Middle Earth comes to life in epic Chrome experiment | Engadget

We’re go out on a limb here and say that the Venn diagram of Engadget fans and Tolkien fans looks something like this. So, we figure you’ll probably want to hear about a brand new Chrome experiment that brings various parts of Middle Earth to life, including the Trollshaw and Dol Guldur. It starts with a pretty simple interactive map, but from there you’re able to dive into several locations and learn about Hobbit lore through text, animations and audio. At the end of each lesson on Tolkien’s fantasy world, you’re challenged to complete a simple mini game that has you causing flowers to bloom or avoiding troll attacks. While the WebGL-powered games are pretty impressive, its the HTML5 audio and animations that are the real eye-candy here — doubly so since they work just as well on a phone or tablet as they do your desktop. As you swipe through slides in the story, camera angles change in coordination with your finger and characters dart across bridges. Honestly, even if you’re part of that tiny sliver in the diagram that can’t stand Tolkien, it’s worth checking out the latest Chrome Experiment, if only to remind yourself of the growing power of the web browser.

Middle Earth comes to life in epic Chrome experiment | Engadget

Alleged online drug kingpin arrested at SF library | SFGate

After spending months trying to infiltrate an underground website that made buying and selling drugs as easy as shopping online for a book or TV, half a dozen FBI agents shuffled into the science fiction section of a San Francisco library and grabbed a young man working on a laptop.

Authorities said Wednesday the man was Ross William Ulbricht, and they accused him of being “Dread Pirate Roberts,” the once-anonymous mastermind behind the online drug marketplace known as Silk Road. Ulbricht, 29, collected tens of millions of dollars in commissions, investigators said, and twice ordered people killed in a bid to protect his empire.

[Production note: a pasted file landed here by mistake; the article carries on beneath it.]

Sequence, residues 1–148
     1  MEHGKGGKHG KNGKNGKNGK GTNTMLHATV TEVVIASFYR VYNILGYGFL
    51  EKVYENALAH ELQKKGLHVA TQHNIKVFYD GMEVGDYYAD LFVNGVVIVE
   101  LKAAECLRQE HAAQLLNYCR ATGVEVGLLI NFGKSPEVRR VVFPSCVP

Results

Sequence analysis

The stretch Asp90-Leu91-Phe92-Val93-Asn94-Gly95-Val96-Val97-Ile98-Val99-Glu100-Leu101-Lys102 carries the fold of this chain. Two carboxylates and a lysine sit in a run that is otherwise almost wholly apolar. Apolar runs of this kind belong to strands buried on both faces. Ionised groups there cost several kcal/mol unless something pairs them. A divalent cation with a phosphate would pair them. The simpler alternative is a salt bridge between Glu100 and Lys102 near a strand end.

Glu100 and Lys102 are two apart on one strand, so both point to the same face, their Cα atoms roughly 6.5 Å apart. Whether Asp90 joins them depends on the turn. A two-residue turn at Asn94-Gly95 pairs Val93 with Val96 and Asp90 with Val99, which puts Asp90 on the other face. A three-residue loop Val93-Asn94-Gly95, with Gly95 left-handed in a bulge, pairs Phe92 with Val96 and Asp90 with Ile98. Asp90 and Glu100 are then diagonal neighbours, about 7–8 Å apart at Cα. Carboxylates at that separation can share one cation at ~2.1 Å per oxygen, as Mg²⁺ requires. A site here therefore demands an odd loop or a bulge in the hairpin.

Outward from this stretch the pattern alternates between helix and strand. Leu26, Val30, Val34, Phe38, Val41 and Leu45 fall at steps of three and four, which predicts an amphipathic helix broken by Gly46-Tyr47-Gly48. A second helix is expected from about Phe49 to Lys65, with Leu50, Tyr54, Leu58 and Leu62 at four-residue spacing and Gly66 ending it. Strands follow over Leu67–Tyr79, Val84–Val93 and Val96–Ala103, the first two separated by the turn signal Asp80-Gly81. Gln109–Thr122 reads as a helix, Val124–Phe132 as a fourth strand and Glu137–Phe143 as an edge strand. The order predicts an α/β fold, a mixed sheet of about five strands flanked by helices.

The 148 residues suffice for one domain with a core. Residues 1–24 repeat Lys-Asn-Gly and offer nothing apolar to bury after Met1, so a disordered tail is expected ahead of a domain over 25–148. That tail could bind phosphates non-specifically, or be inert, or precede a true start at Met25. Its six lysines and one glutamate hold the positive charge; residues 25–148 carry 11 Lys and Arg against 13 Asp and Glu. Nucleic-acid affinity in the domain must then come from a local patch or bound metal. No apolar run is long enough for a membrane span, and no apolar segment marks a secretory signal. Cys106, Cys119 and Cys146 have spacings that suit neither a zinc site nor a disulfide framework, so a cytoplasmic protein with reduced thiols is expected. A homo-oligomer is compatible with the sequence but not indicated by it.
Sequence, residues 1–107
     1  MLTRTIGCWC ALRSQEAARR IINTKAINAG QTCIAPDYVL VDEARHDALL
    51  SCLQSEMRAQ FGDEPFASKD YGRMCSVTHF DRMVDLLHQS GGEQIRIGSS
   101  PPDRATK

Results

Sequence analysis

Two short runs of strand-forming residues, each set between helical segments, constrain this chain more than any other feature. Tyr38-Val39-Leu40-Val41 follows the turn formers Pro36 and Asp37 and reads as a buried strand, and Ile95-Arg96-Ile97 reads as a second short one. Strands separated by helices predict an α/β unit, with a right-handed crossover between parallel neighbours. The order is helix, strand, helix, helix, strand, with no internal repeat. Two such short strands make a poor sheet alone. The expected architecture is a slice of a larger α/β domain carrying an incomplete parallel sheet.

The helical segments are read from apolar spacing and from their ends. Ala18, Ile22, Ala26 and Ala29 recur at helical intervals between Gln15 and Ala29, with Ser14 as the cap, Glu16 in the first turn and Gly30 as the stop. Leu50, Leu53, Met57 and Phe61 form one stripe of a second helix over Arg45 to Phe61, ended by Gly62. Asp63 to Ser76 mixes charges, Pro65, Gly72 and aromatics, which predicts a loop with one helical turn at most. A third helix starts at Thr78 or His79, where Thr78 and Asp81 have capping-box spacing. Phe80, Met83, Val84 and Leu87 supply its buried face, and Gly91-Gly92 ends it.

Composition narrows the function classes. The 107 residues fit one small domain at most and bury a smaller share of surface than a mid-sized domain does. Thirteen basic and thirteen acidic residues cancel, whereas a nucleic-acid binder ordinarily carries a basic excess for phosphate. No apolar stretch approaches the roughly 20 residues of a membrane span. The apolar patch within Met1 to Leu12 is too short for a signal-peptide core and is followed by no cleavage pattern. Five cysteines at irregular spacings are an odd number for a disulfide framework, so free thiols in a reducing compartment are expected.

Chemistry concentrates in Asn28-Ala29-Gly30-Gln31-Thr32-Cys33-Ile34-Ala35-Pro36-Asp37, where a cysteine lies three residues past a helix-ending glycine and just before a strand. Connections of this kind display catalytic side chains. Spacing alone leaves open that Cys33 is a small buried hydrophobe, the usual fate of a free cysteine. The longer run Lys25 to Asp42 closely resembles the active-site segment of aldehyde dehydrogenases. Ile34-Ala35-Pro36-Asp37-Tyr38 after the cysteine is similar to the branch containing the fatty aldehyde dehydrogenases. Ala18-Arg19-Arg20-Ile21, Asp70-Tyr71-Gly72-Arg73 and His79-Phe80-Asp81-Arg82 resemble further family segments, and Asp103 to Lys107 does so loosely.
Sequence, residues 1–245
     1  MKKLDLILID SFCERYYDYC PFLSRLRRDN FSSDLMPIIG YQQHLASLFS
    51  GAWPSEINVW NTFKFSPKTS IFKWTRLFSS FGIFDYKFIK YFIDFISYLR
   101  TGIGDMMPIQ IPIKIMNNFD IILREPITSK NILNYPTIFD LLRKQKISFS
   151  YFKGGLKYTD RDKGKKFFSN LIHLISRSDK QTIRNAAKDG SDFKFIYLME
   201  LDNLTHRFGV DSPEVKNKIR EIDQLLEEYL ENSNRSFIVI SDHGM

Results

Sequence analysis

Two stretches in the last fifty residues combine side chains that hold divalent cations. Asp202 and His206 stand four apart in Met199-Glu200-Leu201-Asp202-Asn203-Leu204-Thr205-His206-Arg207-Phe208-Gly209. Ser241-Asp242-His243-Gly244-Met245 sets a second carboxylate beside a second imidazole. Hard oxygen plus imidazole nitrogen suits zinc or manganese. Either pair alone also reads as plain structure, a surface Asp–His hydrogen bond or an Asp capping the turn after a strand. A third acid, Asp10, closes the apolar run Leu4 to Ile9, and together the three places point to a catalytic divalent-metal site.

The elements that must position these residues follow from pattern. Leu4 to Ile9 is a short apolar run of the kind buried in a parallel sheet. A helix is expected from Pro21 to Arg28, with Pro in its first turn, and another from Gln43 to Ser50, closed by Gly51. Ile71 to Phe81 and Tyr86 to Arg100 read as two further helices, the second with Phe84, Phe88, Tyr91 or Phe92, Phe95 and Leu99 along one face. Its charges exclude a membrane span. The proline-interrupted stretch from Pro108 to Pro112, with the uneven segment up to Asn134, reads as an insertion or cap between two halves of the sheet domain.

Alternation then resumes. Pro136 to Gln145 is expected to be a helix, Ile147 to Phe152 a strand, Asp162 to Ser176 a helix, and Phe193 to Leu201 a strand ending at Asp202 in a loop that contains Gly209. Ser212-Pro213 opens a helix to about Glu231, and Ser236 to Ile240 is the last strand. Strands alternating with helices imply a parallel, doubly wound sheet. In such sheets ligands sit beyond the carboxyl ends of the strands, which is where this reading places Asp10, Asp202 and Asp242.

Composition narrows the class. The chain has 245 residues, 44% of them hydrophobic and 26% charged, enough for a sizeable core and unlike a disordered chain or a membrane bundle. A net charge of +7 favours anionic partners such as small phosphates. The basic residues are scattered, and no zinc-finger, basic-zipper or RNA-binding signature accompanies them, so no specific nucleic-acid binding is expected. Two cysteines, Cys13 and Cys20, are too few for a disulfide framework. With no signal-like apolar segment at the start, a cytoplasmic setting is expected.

Read the full story: Alleged online drug kingpin arrested at SF library | SFGate.

HarperCollins partners with Scribd for ebook subscription service | Quill & Quire

HarperCollins has partnered with document-sharing website Scribd on a new ebook subscription service.

Dubbed “Netflix for ebooks,” subscribers pay $8.99 a month for the ability to check out an unlimited number of ebooks – up to 10 titles at time – from the Scribd catalogue, which includes backlists from HarperCollins and several small U.S. presses. The service allows readers to switch between browsers, Android, and Apple devices without losing their place.

HarperCollins CEO Brian Murray told the Associated Press that the partnership will provide the publisher with valuable data about Scribd readers. “This is going to help us make even better publishing and marketing decisions for our authors,” he says.

The international service is now available in Canada, although not all titles are accessible for download.

HarperCollins partners with Scribd for ebook subscription service | Quill & Quire